Once you’ve explored health insurance options for your employees, you may decide that buying group coverage is simply not an option for your company at this time. Many employers are unaware that group insurance policies have strict requirements, conveying that at least 70 percent of staff members get coverage.

Employee Alternatives to Health Insurance

(Pixabay / TotalShape)

In such a scenario, it’s hardly surprising that workers are abandoning their companies’ policies in favor of options like sharing ministries and short-term personal plans. While these options may be useful to employees, they often harm business entities.

Fortunately, there are alternative arrangements that may protect your personnel at little or no cost to your firm. Below is a closer look at your options:

1. HSA (Health Savings Account)

An HSA (health savings account) can help companies provide medical coverage while providing tax benefits. Employees who leverage this option can combine it with a deductible plan to pay for chronic injuries or illness.

Funds deposited into a health savings account are pre-tax deductions, and there’s no fine on withdrawals or savings as long as the money is used to cover healthcare costs. However, the IRS has a cap on the funds deposited into an HSA account. The yearly limit in 2018 was $6,900 for families and $3,450 for individuals.

2. QSEHRA (Qualified Small Employer Health Reimbursement Arrangement)

QSEHRA is a personalized health benefit that is a lucrative option for SMBs as it eliminates many of the obstacles associated with offering employer health insurance, such as minimum contributions, necessary enrollment, and high costs. Employers can set up a QSEHRA to give personnel a “monthly medical allowance.” Staffers can shop an individual health insurance plan through a public or private exchange, or an independent insurance provider.

Eligible personnel may also get discounts on insurance premiums if they coordinate with HRA benefits. Anything listed by the Internal Revenue Service as a healthcare dedication is eligible for reimbursements, up to the figure the company determines. SMBs can contribute any figure, up to yearly federal limits of $10,000 for personnel with a family and $4,950 for single workers.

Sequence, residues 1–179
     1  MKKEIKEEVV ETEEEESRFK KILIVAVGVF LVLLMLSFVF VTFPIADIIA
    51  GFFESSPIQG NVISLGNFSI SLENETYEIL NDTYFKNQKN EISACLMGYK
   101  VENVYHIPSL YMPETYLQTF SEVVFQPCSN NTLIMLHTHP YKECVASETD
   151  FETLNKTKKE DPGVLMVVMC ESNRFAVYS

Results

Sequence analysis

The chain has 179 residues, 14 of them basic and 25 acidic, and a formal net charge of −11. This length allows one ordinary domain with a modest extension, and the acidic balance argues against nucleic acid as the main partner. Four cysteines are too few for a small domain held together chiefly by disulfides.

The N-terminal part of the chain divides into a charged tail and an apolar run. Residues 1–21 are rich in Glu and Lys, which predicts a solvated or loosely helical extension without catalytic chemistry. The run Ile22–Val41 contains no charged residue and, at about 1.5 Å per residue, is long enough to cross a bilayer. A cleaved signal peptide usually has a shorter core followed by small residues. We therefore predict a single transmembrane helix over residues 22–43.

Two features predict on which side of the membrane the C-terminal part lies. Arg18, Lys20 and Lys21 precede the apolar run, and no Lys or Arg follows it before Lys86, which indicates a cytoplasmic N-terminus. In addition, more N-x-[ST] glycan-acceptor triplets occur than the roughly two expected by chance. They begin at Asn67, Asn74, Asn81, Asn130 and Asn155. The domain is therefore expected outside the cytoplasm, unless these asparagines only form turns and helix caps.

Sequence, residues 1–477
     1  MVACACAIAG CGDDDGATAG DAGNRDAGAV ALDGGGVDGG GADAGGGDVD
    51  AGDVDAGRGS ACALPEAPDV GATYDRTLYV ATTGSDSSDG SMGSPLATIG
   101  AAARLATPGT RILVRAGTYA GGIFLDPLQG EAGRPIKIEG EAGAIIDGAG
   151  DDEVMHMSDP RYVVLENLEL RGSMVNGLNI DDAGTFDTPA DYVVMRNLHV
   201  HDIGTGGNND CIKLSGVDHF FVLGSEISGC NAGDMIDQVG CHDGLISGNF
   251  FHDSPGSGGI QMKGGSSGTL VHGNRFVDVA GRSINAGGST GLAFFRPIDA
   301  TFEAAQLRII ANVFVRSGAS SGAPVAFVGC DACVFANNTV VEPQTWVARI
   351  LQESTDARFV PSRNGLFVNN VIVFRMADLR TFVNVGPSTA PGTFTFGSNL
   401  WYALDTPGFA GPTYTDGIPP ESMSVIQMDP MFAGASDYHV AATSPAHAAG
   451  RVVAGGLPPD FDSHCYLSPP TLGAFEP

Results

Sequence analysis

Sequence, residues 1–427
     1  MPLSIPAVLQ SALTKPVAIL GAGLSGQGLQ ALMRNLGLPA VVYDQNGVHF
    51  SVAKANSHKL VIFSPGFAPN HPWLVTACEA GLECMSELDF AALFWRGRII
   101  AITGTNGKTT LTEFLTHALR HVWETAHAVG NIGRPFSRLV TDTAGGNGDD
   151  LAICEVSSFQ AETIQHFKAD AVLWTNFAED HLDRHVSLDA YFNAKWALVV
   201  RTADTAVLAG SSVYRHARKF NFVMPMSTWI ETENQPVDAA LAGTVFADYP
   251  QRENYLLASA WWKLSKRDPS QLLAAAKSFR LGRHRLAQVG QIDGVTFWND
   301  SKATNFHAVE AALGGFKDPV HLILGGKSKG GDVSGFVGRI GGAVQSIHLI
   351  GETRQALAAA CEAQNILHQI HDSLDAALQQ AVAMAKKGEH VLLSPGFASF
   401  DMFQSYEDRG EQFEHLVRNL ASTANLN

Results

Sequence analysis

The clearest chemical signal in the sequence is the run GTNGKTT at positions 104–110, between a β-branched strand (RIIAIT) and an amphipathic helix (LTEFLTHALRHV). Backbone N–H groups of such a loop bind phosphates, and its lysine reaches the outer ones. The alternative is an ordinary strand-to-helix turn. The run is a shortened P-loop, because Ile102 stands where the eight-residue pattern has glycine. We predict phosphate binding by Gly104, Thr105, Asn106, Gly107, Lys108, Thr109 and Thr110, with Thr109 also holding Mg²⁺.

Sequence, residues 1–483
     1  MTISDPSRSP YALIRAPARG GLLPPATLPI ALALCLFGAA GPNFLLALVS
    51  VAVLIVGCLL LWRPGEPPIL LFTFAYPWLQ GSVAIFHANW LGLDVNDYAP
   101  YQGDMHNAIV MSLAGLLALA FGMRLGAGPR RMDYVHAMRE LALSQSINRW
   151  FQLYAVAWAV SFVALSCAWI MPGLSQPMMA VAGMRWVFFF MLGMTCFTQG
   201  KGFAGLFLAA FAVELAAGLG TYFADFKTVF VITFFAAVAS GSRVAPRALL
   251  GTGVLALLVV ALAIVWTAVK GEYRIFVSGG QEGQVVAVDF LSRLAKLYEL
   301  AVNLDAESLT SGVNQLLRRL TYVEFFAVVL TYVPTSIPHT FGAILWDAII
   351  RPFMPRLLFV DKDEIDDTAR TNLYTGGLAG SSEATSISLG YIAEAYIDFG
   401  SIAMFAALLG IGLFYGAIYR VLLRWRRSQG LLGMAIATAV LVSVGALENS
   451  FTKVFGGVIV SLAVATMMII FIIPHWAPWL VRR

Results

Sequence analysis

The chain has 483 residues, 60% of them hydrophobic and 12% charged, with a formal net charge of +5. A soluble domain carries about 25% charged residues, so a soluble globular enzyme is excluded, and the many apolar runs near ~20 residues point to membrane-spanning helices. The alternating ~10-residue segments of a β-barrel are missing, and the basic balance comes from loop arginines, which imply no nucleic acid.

3. Bronze health insurance plan

Per the Affordable Care Act, insurance plans are categorized into 4 “metal” groups, with bronze being the initial group and platinum being the last. Insurance plans that come under the bronze category are the least expensive to purchase and carry a high deductible – the figure that needs to be paid by the insured from his or her pocket before insurance coverage kicks in.

For some personnel, bronze plans can be a good option. The premiums are low and, in case of an emergency, coverage is available. For small companies struggling with the expense of employer-offered health insurance, these plans can be a blessing in disguise. Depending on factors like baseline salary, companies with fewer than 25 people may qualify for tax credits to offset some of the cost.

4. Healthcare sharing ministry

In general, healthcare sharing ministries are faith-based expense-sharing programs. Members sharing religious sentiments contribute a specific dollar figure each month to their own savings. When someone needs help paying healthcare expenses, they submit a request to the ministry and the members decide whether to approve the demand. Once the request is approved, the sum is paid from other members’ savings contribution.

These ministries, which include organizations like Liberty Healthshare and Medi-share, aren’t considered as providers of insurance, but their members are excused from the ACA’s individual mandate. Also, these organizations often secure discounts from hospitals and general care physicians to keep costs low. In other words, sharing ministries’ programs work much like a typical employee health insurance policy at an overall affordable level.

5. No insurance

The last alternative to employee health insurance is to offer nothing to personnel. Businesses usually go down this route when they cannot afford a traditional health insurance plan. Some take up this option because they aren’t aware of the fact that independent health insurance reimbursements are applicable on a tax-advantaged basis. Others may be at a tipping point where the advantages of not offering insurance simply outweigh the disadvantages.

With that said, those who are uninsured can still be reimbursed under an organization’s QSEHRA. Reimbursements for eligible expenses will be free of a payroll tax, but income tax will be levied. Younger employees in good health who do not expect to incur a lot in healthcare costs may be good candidates for a high-deductible, low-premium plan that covers unexpected illnesses or injuries.

To conclude, employee health insurance plans are not a “do or die” proposition for businesses. There are ways to keep costs low while allowing employees to obtain the healthcare benefits they need. With one or a combination of the alternatives mentioned above, companies can offer a benefits package to both attract and retain qualified employees.

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